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Retrospections Earth's Crazy Climate
 
Earth's Crazy Climate
based on an Indiana University release
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Climate
Posted:   09/27/06

Summary: Ancient rocks from the bottom of the Pacific Ocean suggest dramatic climate changes during the dinosaur-dominated Mesozoic Era, a time once thought to have been monotonously hot and humid.

Analysis of the shale led scientists to conclude significant temperature variations occurred during the Cretaceous Period.
Credit: Simon Brassell
Ancient rocks from the bottom of the Pacific Ocean suggest dramatic climate changes during the dinosaur-dominated Mesozoic Era, a time once thought to have been monotonously hot and humid.

In this month's Geology, scientists from Indiana University Bloomington and the Royal Netherlands Institute for Sea Research present new evidence that ocean surface temperatures varied as much as 6 degrees Celsius (about 11 degrees Fahrenheit) during the Aptian Epoch of the Cretaceous Period 120 million years ago.

The finding is relevant to the ongoing climate change discussion, IUB geologist Simon Brassell says, because it portrays an ancient Earth whose temperatures shifted erratically due to changes in carbon cycling and did so without human input.

"Combined with data from the Atlantic, it appears clear that climate changes were taking place on a global scale during this time period," said Brassell, who led the study.

A previous study from an Atlantic Ocean site had suggested a changeable climate around the same time period. But it was not known whether the Atlantic data indicated regional climate change unique to the area or something grander.

"We had virtually no data from the middle of the largest ocean at that time period," Brassell said. "The data we collected suggest significant global fluctuations in temperature."

As part of the National Science Foundation's Ocean Drilling Project, the geoscientists voyaged in 2001 to Shatsky Rise, a study site 1,600 kilometers (1,000 miles) east of Japan and 3,100 meters below the ocean surface. Shatsky Rise is known to have formed at the end of the Jurassic Period immediately prior to the beginning of the Cretaceous, the last period of the Mesozoic Era.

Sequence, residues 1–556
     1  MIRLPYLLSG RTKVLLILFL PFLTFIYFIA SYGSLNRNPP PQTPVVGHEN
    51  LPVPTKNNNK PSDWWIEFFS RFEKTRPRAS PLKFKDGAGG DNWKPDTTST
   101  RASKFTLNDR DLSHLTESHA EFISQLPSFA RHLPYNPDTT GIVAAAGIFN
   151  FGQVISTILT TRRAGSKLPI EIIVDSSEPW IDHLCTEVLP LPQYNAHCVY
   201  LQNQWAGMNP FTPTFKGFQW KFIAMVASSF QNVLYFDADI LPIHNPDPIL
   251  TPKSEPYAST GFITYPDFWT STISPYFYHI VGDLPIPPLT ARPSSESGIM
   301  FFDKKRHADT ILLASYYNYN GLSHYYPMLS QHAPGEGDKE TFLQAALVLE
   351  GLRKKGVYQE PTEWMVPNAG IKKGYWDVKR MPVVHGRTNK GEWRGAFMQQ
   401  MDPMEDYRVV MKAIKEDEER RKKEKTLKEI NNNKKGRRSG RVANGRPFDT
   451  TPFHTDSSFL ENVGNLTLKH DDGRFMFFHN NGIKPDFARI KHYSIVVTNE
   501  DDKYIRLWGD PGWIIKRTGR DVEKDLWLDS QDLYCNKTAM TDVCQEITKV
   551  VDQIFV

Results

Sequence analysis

The scientists' vessel, the JOIDES Resolution, is specially outfitted with a drill that can be lowered to the sea floor for the collection of rock samples.

IU Bloomington geochemist Simon Brassell (right), Penn State sedimentologist Michael Arthur (middle), and Tohoku Univ. sedimentologist Harumasa Kano (left) inspect an ancient shale aboard the JOIDES Resolution research vessel.
Credit: Ocean Drilling Program


The drill bit was driven 566 meters into Shatsky Rise. Rocks freed by the drill were transported directly to the surface for analysis. The rocks corresponding to early Aptian time were extremely rich in organic material. By analyzing the carbon and nitrogen content of the samples, the geochemists found evidence for changes in carbon cycling and in nitrogen fixation by ocean biological communities associated with changing climate. A special analysis method targeting certain complex carbon-containing molecules provided values for a measurement called TEX86 that revealed mean temperature variations between 30 deg C (86 deg F) and 36 deg C (97 deg F) with two prominent cooling episodes of approximately 4 deg C (7 deg F) in tropical surface temperatures during the early Aptian. By comparison, today's tropical sea surface temperatures typically lie between 29 and 30 deg C.

Brassell says that findings of a changeable climate during the Cretaceous, a time period dominated by dinosaurs and noted for the spread of flowering plants, could influence the current climate change debate.

"One of the key challenges for us is trying to predict climate change," Brassell said. "If there are big, inherent fluctuations in the system, as paleoclimate studies are showing, it could make determining Earth's climatic future even harder than it is. We're learning our climate, throughout time, has been a wild beast."


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